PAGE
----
After just a few days in Maynooth, Ireland, I’ve learned that the individuals making up Ireland’s population are more than the assumed stereotypes. Below are some of my findings:
- Not all Irish people are redheads! In fact, most of the individuals I’ve met have had a shade other than red.
- The people eat much, much more than potatoes. In fact, Ireland is full of McDonalds (which they pronounce MacDonalds), Starbucks, and Subway restaurants along with plenty of pizza and pasta options.
- Some Irish individuals don’t like Guniess beer at all. Both my campus coordinator and Marketing lecturer avoid it, choosing other draft choices at the pubs.
- The Irish accent has many differences compared to the typical US accents. For example, the letter O is pronounced “oar”, while the H in a TH syllable is not pronounced – making the word “three” sound like “tree”.
- There are many common Irish slang terms:
- “Having a good crack” – Having a good time/ having fun
- “Cheers!” – A greeting, goodbye, thank you, etc.
- “Yurt” – Yes
- “Crisps” – Chips
There is one stereotype, though, that the Irish hold to be true – they are extremely kind and friendly. They hold doors open, help with directions, apologize when passing by you, and so much more!
If you have the opportunity to visit Ireland (specifically Maynooth), please do it! It’s so beautiful and quaint and I know you’ll love every second of your visit!
The other day I saw a post on LinkedIn by a CEO and it asked what advice you would give him in five words or less, I thought about it for less than a minute and settled on the words “have an adventure.” It doesn’t seem like the first choice and it probably wouldn’t have been 2 short months ago before I got to experience a great adventure in Ireland.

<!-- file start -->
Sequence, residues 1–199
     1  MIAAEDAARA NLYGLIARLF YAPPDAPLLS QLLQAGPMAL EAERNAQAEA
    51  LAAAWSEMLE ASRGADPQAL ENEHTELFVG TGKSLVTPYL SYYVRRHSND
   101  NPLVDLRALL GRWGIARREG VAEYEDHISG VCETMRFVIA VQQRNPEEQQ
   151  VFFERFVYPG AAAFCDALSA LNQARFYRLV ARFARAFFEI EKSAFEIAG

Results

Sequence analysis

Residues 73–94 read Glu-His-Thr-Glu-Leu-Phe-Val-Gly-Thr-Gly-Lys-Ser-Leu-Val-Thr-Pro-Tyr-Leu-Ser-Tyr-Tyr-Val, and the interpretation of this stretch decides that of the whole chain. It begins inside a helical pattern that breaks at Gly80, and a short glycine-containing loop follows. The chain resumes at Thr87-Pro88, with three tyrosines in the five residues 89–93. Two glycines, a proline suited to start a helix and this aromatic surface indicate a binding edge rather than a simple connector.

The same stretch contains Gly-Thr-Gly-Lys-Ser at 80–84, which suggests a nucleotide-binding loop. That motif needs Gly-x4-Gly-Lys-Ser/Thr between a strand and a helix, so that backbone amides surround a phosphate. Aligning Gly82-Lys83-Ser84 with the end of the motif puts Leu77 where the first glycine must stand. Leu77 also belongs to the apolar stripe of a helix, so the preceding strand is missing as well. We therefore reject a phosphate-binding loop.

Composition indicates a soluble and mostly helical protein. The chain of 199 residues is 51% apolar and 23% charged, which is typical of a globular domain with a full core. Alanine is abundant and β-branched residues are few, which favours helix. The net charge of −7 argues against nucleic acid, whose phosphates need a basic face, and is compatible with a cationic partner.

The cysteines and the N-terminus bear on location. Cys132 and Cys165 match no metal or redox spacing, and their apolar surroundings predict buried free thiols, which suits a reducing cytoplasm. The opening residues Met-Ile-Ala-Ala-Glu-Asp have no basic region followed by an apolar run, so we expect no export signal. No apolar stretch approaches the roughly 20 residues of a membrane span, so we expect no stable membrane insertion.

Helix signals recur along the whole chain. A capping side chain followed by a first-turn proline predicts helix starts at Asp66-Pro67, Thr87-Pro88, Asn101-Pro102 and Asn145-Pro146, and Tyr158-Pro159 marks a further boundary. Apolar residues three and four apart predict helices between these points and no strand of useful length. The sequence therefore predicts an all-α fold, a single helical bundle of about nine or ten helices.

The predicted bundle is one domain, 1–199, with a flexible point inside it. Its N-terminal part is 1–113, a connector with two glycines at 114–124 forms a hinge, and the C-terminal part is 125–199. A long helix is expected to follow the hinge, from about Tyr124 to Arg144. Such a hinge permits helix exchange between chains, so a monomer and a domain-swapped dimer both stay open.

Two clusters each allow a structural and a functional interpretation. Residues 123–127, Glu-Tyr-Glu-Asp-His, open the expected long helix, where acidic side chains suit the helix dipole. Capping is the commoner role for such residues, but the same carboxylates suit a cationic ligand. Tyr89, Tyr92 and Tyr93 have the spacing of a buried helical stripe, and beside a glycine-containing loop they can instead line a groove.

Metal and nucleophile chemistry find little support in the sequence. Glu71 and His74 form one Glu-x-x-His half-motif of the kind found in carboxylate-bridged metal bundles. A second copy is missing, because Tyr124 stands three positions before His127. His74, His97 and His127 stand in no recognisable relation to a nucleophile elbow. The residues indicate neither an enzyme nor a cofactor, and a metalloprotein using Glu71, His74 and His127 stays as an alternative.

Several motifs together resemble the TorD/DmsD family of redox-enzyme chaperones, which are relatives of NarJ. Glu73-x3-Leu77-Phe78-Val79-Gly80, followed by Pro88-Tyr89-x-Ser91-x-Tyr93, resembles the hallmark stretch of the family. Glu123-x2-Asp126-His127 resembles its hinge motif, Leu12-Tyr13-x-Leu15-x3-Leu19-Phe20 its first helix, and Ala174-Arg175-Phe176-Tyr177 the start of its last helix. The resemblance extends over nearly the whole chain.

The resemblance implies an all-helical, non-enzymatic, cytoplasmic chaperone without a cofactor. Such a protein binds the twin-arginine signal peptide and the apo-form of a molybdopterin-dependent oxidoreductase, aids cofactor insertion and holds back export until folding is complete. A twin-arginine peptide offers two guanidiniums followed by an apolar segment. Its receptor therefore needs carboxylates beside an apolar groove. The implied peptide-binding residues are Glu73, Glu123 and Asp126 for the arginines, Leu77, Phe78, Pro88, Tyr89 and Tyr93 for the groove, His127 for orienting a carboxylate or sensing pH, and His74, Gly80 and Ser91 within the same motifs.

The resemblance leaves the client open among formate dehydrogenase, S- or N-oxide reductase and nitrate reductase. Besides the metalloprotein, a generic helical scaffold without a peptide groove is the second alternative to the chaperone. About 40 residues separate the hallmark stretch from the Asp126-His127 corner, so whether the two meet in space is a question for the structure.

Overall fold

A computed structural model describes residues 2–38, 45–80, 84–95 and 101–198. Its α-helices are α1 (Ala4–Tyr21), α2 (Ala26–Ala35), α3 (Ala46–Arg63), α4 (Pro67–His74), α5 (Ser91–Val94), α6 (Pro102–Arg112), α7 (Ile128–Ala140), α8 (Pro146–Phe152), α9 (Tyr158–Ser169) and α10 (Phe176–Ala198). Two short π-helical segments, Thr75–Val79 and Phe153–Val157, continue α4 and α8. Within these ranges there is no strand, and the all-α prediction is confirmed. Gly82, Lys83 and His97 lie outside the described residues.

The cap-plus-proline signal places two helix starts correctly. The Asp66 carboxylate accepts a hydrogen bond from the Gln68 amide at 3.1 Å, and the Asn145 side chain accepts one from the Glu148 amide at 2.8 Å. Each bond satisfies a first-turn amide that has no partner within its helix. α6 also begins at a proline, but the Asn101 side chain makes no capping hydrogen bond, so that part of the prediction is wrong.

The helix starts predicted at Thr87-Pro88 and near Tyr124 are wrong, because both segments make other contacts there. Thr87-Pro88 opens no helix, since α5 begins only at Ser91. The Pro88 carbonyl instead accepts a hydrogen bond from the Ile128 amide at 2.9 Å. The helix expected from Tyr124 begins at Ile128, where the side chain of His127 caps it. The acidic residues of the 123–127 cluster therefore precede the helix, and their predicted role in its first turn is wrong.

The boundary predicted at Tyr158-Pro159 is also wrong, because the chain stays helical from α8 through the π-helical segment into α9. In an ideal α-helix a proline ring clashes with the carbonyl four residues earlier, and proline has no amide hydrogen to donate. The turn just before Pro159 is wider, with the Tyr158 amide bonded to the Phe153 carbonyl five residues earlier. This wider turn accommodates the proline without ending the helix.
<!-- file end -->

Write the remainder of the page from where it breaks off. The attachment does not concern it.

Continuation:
Sure the idea of an adventure appeals to everyone but the real adventure is when you dive into the unknown, you actually do something about the idea and act on it. I have never seen myself as the type of person that takes a lot of risks sure I have plenty of ideas but I never seem to act on them but that has changed. I now carry a little more experience and I have a little piece of Ireland close to my heart that I hope inspires me against all odds or reason to continue having adventures. In my time abroad I visited 3 countries, quintupled the number of times I have flown (it was 5 flights this time, including 2 that were 7hrs, my previous experience just one that lasted about 2hrs—and that was nearly a decade ago.) I have set foot in 6 castles, heard the tales of Irish folklore, met some great new friends, talked to some of the nicest locals, and it all went by so fast.
I have been back in the states for two weeks and I have been putting off writing this blog, not because I’m not exactly sure what I want to say but because this feels like an end to an amazing experience and I’m not ready for that. This was one of those things that you don’t want to end, it was hard enough leaving all the friends I had met a short month ago which seemed like only days. And now Ireland stands out in all the little details I have heard more about Ireland in my everyday life now than I ever have in any year before. Don’t get me wrong it’s great to be home, but an experience like that is something you don’t just take for granted. I will always remember my time in Ireland, and hope I can return some day.